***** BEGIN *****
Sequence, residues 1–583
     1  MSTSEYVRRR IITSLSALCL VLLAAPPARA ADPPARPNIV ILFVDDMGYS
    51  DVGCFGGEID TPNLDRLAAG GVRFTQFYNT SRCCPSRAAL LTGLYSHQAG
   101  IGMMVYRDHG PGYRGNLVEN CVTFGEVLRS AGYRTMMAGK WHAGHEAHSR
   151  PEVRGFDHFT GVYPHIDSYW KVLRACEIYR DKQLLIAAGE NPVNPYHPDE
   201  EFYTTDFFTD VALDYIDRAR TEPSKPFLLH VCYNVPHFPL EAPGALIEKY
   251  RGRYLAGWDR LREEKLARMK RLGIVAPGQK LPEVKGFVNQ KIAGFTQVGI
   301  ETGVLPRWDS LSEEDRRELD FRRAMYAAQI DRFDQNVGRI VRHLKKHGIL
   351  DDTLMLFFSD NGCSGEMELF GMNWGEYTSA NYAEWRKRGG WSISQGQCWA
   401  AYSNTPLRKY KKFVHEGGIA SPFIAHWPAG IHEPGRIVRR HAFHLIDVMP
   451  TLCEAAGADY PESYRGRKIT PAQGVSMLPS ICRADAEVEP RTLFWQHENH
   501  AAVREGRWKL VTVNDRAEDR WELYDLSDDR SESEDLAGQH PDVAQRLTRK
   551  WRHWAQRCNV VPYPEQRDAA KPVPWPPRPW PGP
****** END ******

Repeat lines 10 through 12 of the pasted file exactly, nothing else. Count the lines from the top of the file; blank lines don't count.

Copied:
   401  AYSNTPLRKY KKFVHEGGIA SPFIAHWPAG IHEPGRIVRR HAFHLIDVMP
   451  TLCEAAGADY PESYRGRKIT PAQGVSMLPS ICRADAEVEP RTLFWQHENH
   501  AAVREGRWKL VTVNDRAEDR WELYDLSDDR SESEDLAGQH PDVAQRLTRK